Dance then, wherever you may be. I am the Lord of the Dance, said he . . .

It’s a good way to live.

It’s a good way to give witness to the world of our living faith and unrestrained joy!

Amen.

Who will move this mountain?

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Who will move this mountain? I’m referring to the high, steep mountain that includes hundreds of processes that might eventually (possibly, probably) lead to a kidney transplant for me. So which is it, I keep asking myself? Is a kidney transplant possible? Is it probable? Is it a done deal?

I know with pretty much certainty that having a kidney transplant is never a done deal. The possibility of a kidney transplant for anyone is always tenuous. The possibility of having a donor is even more tenuous. I keep repeating the description offered by Piedmont transplant nephrologist, Dr. Christina Klein: “99% of people who call with interest in donating are screened out by phone and 50% of the people who do the full-day evaluation are screened out.” With deep gratitude, I can say that the person who has offered to be my living donor has passed through both of these screenings and has been accepted as a donor. It is no small thing for a living donor and a recipient to both be determined healthy enough for a transplant.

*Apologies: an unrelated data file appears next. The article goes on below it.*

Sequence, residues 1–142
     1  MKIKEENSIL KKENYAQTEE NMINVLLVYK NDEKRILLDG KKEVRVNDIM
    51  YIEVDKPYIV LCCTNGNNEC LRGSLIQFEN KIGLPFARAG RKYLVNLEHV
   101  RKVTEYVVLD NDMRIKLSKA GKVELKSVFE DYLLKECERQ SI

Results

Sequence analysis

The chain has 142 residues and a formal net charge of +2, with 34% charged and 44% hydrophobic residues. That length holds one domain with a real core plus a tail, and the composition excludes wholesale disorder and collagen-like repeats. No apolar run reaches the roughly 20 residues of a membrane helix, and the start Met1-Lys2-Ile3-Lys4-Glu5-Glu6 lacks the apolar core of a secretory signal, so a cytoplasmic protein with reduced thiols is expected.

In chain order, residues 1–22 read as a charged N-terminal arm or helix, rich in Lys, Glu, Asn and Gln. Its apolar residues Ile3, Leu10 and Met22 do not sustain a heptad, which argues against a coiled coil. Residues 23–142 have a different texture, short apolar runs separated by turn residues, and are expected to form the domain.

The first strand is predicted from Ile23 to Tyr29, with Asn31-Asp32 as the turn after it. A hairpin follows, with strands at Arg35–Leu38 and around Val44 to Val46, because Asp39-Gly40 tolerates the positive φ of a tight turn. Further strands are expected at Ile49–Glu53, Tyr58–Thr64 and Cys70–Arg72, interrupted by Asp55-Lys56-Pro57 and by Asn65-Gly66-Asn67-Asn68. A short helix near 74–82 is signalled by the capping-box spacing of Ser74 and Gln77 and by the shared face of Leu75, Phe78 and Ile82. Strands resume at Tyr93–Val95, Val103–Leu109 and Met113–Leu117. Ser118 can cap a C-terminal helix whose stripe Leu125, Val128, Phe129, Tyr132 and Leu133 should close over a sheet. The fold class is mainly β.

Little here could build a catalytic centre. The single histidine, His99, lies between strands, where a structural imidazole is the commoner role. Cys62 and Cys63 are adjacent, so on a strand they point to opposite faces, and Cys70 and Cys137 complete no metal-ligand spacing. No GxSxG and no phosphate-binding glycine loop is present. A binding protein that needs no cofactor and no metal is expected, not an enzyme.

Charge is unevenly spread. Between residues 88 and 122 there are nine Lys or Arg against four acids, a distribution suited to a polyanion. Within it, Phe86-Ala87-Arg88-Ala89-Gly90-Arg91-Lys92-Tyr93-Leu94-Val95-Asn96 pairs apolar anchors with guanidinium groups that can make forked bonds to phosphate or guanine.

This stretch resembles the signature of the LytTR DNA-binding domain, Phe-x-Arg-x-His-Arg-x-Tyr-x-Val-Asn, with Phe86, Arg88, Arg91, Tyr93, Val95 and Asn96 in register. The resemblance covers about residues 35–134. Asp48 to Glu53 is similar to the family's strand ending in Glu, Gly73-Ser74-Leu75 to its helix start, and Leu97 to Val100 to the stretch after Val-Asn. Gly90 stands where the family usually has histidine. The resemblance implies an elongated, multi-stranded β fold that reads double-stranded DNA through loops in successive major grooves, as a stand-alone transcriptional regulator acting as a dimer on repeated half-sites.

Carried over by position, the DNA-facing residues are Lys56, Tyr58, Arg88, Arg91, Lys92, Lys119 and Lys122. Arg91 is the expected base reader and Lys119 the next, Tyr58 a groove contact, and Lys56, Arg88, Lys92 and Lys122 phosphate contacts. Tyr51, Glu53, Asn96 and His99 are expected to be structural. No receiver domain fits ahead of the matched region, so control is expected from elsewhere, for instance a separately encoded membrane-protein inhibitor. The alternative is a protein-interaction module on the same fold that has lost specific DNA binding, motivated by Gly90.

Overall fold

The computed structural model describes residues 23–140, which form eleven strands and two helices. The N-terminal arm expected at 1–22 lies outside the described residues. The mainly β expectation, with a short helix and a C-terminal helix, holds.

Piedmont Transplant Institute personnel spent the day yesterday testing me to determine if I’m still healthy enough for a transplant. They do a re-evaluation every two years for persons on the transplant list. It was probably the last re-evaluation I will have before a transplant surgery date is determined.

I said all of that to say that, as always, I think of God as the one who moves these kinds of obstacle mountains. I am standing at the base of a pretty big one this time, looking up at the peak and whispering to myself, “Impossible!”